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Courcelle, B., Monadic secondorder definable graph transductions: a survey, Theoretical Computer Science 126 (1994) 5375. Formulas of monadic secondorder logic can be used to specify graph transductions, i.e., multivalued functions from graphs to graphs. We obtain in this way classes of graph transductions, called monadic secondorder definable graph transductions (or, more simply, d&able transductions) that are closed under composition and preserve the two known classes of contextfree sets of graphs, namely the class of hyperedge replacement (HR) and the class of vertex replacement (VR) sets. These two classes can be characterized in terms of definable transductions and recognizable sets of finite trees, independently of the rewriting mechanisms used to define the HR and VR grammars. When restricted to words, the definable transductions are strictly more powerful than the rational transductions such that the image of every finite word is finite; they do not preserve contextfree languages. We also describe the sets of discrete (edgeless) labelled graphs that are the images of HR and VR sets under definable transductions: this gives a version of Parikh’s theorem (i.e., the characterization of the commutative images of contextfree languages) which extends the classical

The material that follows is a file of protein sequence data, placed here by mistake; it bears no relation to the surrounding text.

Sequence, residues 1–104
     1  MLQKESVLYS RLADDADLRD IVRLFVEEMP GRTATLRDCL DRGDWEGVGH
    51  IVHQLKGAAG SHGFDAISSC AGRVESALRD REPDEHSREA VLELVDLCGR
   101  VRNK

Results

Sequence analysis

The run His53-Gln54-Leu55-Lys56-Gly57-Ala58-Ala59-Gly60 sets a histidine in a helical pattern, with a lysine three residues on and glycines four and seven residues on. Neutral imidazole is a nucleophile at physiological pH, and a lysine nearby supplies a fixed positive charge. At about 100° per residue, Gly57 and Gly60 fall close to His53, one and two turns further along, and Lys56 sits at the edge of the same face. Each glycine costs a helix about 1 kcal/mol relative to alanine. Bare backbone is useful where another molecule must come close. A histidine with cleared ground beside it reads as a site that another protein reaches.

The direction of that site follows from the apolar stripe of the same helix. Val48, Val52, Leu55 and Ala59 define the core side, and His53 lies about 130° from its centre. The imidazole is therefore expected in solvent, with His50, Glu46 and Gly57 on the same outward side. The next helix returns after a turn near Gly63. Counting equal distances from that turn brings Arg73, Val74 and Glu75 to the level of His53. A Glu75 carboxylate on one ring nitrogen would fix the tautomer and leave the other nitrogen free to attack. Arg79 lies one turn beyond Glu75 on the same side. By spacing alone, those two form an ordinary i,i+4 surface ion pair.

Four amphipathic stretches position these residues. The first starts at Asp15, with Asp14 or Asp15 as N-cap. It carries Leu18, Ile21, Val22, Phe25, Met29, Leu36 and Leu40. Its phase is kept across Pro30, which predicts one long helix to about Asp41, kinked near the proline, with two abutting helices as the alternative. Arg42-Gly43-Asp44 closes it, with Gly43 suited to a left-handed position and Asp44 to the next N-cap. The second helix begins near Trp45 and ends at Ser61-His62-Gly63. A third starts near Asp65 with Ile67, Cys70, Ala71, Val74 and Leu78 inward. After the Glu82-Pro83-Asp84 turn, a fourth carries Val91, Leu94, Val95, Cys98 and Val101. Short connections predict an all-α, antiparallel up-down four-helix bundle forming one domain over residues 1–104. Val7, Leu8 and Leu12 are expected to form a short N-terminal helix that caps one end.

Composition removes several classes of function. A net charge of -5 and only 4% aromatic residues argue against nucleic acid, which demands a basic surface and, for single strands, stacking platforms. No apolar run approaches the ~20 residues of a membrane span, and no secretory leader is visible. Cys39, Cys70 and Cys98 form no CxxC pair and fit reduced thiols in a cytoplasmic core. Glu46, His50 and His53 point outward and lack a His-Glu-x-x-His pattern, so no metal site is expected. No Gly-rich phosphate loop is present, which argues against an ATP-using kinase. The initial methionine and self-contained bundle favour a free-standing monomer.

Macro Tree Transducers, Attribute Grammars, and MSO Definable Tree Translations
 Inform. and Comput
, 1998
"... A characterization is given of the class of tree translations definable in monadic second order logic (MSO), in terms of macro tree transducers. The first main result is that the MSO definable tree translations are exactly those tree translations realized by macro tree transducers (MTTs) with reg ..."
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Cited by 56 (18 self)